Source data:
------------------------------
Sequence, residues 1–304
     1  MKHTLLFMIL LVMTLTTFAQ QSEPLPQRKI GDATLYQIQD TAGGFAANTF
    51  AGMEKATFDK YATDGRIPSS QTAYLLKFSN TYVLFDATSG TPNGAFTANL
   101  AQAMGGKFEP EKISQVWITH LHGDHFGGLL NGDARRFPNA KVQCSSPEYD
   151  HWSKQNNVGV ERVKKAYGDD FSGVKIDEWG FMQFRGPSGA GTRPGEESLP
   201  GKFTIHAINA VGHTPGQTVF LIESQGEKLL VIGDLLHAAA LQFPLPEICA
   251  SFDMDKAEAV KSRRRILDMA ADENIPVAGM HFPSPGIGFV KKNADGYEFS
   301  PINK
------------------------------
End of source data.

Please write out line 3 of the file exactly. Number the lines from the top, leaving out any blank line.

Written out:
    51  AGMEKATFDK YATDGRIPSS QTAYLLKFSN TYVLFDATSG TPNGAFTANL